Where The Sun Don't Shine

There is little room for doubting the extent of professional negligence displayed by Sharon Shoesmith in her management of the child protection scheme in Haringey. The helpless and vulnerable were abandoned to the perverse designs of their tormentors. The Baby P case demonstrated that prisoners have a greater degree of protection than children at risk. It is inconceivable that someone detained in Belmarsh would be visited 60 times by professionals supposedly concerned about allegations of ill treatment at the hands of prison staff only for the prisoner to be later murdered by the same staff. And if, four days before he died, prison officers were to present him to professional visitors unconscious, his face smeared in chocolate, claiming that he was only asleep, it would be just as inconceivable that the professionals would walk away after a cursory wave.

Because of the endemic incompetence that reigned under her leadership the dismissal of Sharon Shoesmith from her post as director of children’s services is to be robustly defended. That she may feel unfairly treated because up to now she alone out of all the culpable has been forced to walk the plank is no reason to sympathise with her predicament. That others should make the same journey is indisputable. Yet, if the other five, six or whatever who should go, manage to avoid that fate, there is no reason for her to be spared. The uneven distribution of justice is no reason for withholding its application. Absolving her would only accentuate the injustice of allowing others to get off the hook.

Sharon Shoesmith’s punishment is all the more severe for her having incurred public wrath through an incredibly myopic defence of her record articulated with such arrogance that it had all the resonance of ‘let them eat cake.’ That she should use her strident voice in her own defence but failed to use it on behalf of a voiceless baby undergoing unimaginable suffering drove the public apoplectic. Through her actions she powered the voices already baying for her blood; the author of her own wretched denouement. Whether she realises it or not she will forever carry the brand of Baby P. If she possesses the slightest humility her anguish will be great.

Currently Sharon Shoesmith is subject to a witch hunt by the Sun. Since the trial of those involved in torturing and murdering Baby P the redtop has manufactured a duck shoot, igniting incandescent societal rage beneath her feet. Not satisfied with having mobilised intensely hostile public opinion against her, the paper is intent on kicking her when she is down. She is unable to walk to an Italian restaurant in the company of three friends without her picture being emblazoned in the paper. As far as the Sun is concerned she should be allowed neither to eat nor have friends; sackcloth and ashes her lot until the end of time. The public is being urged to hound her. There have been claims that her life is under threat and that one of her children has also received threats.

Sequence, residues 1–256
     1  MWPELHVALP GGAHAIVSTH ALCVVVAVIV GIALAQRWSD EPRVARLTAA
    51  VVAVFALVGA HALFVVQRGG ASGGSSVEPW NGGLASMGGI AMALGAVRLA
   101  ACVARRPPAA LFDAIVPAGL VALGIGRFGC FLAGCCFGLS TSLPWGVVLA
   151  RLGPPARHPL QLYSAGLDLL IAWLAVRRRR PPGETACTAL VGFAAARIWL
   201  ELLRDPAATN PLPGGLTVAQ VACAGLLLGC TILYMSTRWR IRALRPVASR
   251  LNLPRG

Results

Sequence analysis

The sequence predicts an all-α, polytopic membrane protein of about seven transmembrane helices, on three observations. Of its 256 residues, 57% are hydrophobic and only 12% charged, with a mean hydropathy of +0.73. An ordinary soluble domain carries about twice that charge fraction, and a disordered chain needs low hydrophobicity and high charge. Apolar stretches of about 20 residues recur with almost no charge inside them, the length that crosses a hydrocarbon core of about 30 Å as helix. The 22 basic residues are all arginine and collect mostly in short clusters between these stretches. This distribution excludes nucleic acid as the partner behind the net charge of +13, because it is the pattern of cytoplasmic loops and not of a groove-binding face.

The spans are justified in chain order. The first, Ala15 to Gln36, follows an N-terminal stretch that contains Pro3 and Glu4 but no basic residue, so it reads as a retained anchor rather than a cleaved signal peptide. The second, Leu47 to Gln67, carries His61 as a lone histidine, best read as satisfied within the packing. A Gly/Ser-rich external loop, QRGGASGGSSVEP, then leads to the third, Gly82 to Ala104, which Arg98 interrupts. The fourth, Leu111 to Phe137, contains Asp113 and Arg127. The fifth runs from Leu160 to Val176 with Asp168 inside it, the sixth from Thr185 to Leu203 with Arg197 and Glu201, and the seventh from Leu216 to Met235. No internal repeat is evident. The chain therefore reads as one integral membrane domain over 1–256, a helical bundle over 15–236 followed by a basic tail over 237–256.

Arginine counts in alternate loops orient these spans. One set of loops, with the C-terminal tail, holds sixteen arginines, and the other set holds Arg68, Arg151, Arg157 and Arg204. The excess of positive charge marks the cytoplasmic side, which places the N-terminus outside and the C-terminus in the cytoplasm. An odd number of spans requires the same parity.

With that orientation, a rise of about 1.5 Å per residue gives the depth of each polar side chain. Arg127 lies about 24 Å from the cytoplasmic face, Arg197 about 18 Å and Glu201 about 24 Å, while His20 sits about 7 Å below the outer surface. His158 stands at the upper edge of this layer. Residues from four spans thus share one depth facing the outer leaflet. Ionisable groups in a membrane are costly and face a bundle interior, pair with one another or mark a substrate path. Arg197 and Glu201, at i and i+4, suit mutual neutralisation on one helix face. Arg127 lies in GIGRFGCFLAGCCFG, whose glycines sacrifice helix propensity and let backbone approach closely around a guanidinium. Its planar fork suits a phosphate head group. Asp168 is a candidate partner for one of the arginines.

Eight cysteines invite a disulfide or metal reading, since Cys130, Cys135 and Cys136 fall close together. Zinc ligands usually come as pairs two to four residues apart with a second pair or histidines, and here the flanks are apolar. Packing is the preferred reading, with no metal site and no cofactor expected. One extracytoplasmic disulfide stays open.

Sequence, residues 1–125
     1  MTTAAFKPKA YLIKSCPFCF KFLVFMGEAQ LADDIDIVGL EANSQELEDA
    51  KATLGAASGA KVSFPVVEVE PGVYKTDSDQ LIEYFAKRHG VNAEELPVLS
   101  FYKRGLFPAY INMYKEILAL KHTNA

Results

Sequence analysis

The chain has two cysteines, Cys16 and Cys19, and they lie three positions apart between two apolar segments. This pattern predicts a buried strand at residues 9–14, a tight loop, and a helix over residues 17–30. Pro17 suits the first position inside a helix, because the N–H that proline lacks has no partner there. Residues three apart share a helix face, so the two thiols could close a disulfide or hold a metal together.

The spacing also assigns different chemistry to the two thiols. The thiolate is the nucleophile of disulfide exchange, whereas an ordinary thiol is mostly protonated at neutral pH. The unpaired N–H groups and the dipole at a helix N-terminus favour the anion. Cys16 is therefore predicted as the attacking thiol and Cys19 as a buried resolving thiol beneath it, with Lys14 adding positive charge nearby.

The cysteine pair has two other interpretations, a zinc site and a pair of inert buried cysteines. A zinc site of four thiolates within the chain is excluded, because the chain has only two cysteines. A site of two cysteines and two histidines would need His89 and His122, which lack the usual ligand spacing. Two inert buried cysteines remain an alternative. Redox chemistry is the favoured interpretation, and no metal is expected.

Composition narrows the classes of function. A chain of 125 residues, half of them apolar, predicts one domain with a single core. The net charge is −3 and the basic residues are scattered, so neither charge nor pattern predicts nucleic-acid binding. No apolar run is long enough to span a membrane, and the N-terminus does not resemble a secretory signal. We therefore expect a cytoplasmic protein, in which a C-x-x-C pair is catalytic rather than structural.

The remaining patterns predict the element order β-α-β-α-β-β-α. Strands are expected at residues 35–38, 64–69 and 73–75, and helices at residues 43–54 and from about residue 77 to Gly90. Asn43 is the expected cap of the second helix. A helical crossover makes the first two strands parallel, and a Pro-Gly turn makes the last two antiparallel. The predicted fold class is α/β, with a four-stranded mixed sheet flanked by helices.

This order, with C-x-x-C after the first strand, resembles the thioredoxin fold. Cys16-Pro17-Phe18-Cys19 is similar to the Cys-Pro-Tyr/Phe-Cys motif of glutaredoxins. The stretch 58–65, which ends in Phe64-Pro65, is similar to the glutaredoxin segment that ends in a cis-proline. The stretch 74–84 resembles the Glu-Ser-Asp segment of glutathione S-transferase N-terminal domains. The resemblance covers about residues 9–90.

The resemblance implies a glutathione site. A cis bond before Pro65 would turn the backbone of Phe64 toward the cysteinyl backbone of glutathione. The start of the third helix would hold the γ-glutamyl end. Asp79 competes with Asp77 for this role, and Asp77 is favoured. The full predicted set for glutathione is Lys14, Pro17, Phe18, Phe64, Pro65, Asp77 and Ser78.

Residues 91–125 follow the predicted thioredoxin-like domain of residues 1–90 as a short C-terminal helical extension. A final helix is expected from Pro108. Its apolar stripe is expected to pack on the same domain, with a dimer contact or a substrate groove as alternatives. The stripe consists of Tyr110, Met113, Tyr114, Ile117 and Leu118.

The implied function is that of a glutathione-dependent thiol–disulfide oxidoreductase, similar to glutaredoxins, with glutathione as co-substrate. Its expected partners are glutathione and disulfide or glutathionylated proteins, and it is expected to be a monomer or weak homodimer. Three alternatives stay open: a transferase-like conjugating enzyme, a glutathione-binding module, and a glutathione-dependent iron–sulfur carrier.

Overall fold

Such behaviour mirrors the activity it ostensibly opposes. It is the injustice that poisons and pollutes any justice campaign. Most assuredly, it will contribute nothing to the enhancement of a public understanding without which the type of systemic failings that condemned Baby P to his fate are unlikely to be eradicated.


  1. Anthony,

    A very thought provoking piece. My worry is not so much what happened to baby P as the fact that it appears that this type of scenario is not uncommon (albiet not quite as bad). Totally agree that those in power must take responsibility for the failures.

  2. Rog T, thanks for this. The Baby P case annoyed me beyond belief. I can think of other things like the 1981 hunger strikes or the Hillsborough Stadium disaster which also had a deep and lasting impact. But the sheer level of cruelty here was stunning. As was the incompetence. That, as you say, it is not uncommon is what makes it really harrowing.